Henry* made a life choice to live off the grid in Northeastern California. He owned a piece of land in the Plumas National Forest, northwest of Reno, Nevada. At 71, he was still spry and healthy. He could take care of himself, and he lived with his cat in a trailer on his land. He had solar panels and propane for energy. He paid no bills and, except for Social Security, had no attachment to any public agency. That was just the way he wanted it, the way he’d planned his retirement.
That is, until three major wildfires engulfed the Plumas National Forest area in August this year. Henry lost everything, his trailer, his car and everything on his land. He made it out with only his cat and hitched a ride with someone leaving the burning forest.
Sonja Edd-Bennett, director of Disaster Response Ministry for the California-Nevada Conference, says Henry stopped by the UMCOR/California-Nevada response table at one of the local assistance centers set up to help wildfire survivors of the Plumas fires.
“His story really sticks with me,” Edd-Bennett said. “He said: ‘I’m sitting before you, a 71-yr-old man, homeless, with nothing more than a cat and $865 a month in income. I never thought I would be homeless at 71.’ He was living in a borrowed car.”
“These are mountain people,” she continued. “There are a lot of people in Northern California who live as multiple generations on the land. They live in nontraditional housing, a trailer or an out-building, or sometimes even a tent in the backyard. If that structure does not have a permit and was not assessed by a tax assessor, then it is not eligible for government relief funding.”
Henry paid taxes on the land he owned, but he did not have a permit for the trailer as his residence. He did not qualify for FEMA assistance because he didn’t have a building and his address was only the road.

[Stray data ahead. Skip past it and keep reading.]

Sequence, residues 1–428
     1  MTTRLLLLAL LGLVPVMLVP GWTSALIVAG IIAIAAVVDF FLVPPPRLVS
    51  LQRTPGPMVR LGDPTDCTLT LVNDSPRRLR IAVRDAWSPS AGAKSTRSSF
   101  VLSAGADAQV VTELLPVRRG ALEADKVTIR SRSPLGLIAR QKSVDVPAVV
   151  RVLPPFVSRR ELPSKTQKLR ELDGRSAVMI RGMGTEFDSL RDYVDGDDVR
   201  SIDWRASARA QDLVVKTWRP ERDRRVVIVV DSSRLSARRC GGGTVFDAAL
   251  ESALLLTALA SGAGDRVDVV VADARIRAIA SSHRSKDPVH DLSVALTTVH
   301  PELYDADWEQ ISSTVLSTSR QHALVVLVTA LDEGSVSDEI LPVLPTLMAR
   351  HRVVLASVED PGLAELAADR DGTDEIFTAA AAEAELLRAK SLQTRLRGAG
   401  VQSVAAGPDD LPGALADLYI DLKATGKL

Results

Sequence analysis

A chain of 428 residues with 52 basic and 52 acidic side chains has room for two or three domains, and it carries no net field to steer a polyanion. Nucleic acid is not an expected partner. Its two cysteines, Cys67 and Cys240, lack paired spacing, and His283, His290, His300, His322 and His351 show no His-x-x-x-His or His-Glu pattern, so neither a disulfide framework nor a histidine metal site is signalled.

“We anticipate we will see a lot of people like Henry in Butte County,” Edd-Bennett explained. She said her biggest concern is for those people who live off the grid.
Multiple fires across Western states
Wildfires have an annual season in the Western states. At one time, August and September, the dry months, were the most likely times to encounter them. Lately, however, the season has stretched from the spring to November and the quantity and sizes of fires have increased. When the fires converge, they are called “mega-fires.”
This year has been a particularly difficult year, as mega-fires have impacted almost all UMC conferences in the Western Jurisdiction. In addition to the California-Nevada Conference, the Pacific-Northwest and Oregon-Idaho conferences have also received multiple UMCOR grants to support wildfire responses.
In Washington state, almost a half-million acres have burned, and the number of fires is close to 1,000. Dana and Kathy Bryson, who serve as disaster response coordinators for the Pacific-Northwest Conference, describe the year as atypical.
“The entire Pacific Northwest experienced a freak combination of intensely dry weather and intense heat, and winds came in and drove the wildfires. It was breathtaking,” noted Dana Bryson.
The last time they had a season like this was 2014-2015. This year Okanogan County was hit hard, and a few towns, Malden and Pine City, were destroyed just outside Spokane.
Kathy Bryson had spent volunteer hours with the California-Pacific Early Response Teams last year as they responded to wildfires in southern California. She joined the team in a Los Angeles County Multiagency Response Center. She noticed a man on the team who was bringing in ash sifters every day. He was building about 15 of them every night, and people took every sifter he brought. The Brysons decided to use part of the grant to do a pilot program with churches in Kennewick and Cheney, Washington, setting up the churches with materials and instructions to build the sifters.